Everyone has a sweet tooth, so let’s look at some healthy alternatives to sugar and aspartame that can help you control the cravings without loosing control of your waistline. One very important tip when consuming sugar, whether it be natural from fruit or a candy bar, is to eat it with protein. An apple with a little bit of peanut butter is a great snack because the protein in the PB will actually lower the glycemic level of the apple, this means your insulin won’t spike up and crash later on. Here are some of my favorite sweeteners, please add your own favorites in the comments section!
Raw honey – full of enzymes, but has to be RAW as pasteurizing food kills the nutrients. Honey has a lower glycemic level than sugar, but is higher in calories than other alternatives.
Xylitol – looks smells, and tastes like sugar – guess what it is sugar. Xylitol is a low-calorie sugar made from fruit. There are even studies showing it helps FIGHT cavities!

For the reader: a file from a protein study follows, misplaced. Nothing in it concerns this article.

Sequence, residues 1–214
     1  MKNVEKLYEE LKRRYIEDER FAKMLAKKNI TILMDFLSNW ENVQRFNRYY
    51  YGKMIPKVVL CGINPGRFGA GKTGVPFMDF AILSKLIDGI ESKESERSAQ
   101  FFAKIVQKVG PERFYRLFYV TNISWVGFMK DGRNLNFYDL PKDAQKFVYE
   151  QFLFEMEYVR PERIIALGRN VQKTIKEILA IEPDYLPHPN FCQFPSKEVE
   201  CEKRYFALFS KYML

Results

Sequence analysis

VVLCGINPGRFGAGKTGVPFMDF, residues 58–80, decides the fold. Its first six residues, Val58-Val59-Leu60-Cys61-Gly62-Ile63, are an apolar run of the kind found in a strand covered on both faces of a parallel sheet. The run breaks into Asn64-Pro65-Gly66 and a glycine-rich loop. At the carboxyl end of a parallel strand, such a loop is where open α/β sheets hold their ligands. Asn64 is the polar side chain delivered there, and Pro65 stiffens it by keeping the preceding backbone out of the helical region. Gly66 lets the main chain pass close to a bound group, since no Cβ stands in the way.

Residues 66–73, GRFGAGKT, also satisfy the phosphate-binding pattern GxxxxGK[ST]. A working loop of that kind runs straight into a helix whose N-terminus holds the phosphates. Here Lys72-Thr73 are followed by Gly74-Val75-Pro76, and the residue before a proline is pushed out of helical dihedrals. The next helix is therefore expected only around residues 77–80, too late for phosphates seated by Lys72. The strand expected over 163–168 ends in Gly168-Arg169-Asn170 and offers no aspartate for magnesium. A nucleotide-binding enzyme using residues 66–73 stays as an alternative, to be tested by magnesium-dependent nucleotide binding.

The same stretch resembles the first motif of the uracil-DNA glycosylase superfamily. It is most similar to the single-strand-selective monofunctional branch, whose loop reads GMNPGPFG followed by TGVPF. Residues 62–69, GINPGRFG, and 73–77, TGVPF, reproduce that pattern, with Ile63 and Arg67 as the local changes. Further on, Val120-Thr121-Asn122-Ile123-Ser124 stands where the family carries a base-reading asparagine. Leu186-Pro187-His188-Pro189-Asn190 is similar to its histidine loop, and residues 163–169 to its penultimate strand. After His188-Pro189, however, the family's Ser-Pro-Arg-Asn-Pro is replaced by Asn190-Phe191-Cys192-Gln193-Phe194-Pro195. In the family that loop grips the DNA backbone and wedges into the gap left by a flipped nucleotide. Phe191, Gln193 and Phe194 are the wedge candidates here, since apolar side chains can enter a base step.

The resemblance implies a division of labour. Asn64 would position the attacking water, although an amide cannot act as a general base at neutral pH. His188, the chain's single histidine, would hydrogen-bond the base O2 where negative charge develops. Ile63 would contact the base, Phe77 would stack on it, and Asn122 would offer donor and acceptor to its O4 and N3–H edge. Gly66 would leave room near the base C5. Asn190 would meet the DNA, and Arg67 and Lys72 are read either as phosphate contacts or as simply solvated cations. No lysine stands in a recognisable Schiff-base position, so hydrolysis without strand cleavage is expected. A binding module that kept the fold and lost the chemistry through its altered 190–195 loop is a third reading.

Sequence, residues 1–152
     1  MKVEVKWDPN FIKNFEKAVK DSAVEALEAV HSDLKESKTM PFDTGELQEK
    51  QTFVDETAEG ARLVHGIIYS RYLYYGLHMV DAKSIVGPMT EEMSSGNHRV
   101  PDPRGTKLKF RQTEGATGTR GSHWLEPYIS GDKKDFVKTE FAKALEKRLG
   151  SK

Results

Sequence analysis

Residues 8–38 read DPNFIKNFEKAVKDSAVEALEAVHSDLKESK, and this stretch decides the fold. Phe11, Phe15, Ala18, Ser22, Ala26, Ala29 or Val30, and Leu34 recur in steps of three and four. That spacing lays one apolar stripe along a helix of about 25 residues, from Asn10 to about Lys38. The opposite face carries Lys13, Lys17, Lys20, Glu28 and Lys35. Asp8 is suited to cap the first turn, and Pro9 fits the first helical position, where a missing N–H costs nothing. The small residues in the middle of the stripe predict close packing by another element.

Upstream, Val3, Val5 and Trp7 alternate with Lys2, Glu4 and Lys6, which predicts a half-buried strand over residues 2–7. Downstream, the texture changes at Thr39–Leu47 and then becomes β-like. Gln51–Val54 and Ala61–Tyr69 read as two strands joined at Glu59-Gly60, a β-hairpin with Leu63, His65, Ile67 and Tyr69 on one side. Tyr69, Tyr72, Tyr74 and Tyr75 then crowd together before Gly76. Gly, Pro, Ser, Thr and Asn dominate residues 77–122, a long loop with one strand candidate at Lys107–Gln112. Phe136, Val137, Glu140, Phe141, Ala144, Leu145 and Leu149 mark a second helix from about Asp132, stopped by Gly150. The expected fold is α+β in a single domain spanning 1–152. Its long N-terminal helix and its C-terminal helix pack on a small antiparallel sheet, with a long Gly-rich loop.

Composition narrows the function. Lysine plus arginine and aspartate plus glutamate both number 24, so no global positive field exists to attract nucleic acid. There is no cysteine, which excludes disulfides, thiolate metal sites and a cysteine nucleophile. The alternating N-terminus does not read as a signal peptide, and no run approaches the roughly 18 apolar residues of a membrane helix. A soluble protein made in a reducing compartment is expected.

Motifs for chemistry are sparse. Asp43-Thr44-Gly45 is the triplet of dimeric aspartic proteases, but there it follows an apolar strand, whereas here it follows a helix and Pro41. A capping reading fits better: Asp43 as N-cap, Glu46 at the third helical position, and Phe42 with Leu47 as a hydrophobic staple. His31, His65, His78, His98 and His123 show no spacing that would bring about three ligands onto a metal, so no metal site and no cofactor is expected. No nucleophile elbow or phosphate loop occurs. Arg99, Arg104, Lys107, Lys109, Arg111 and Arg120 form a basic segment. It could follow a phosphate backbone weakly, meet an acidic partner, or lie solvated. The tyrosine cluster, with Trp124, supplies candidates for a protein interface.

Stevia – Stevia is a plant from South America that has been used as a sweetener for a long time with no evidence of side effects. Stevia doesn’t have calories and is actually sweeter than sugar, so use sparingly. In the place of regular or diet soda, my boyfriend and I are big fans of Stevia sweetened sodas like Zevia and Virgil’s diet (which comes in glass for those trying to avoid aluminum and plastic)
Coconut or Palm Sugar – like raw honey, coconut sugar has a low glycemic level. It’s not as low in calories as xylitol or stevia, but it doesn’t cause an insulin spike, which is the cause of fat gain with sugar consumption. It doesn’t taste like coconut and is the same consistency as raw or brown sugar. Can also be used as a 1-to-1 substitute in baking.
For more information on the dangers of sugar I highly recommend the following:
Sugar Blues – a book by William Dufty on the dangerous and toxic effects of sugar first published in 1975 – This book will change your life.
Is Sugar Toxic? – an excellent article from the NYTimes evaluating one mans research and “controversial” video (controversial to the company’s loosing money).
Sugar: The Bitter Truth – Video by Dr. Robert H. Lustig, MD, UCSF Professor of Pediatrics in the Division of Endocrinology that explores the damage caused by sugar.
Photo by frenchbyte, Creative Commons 2.0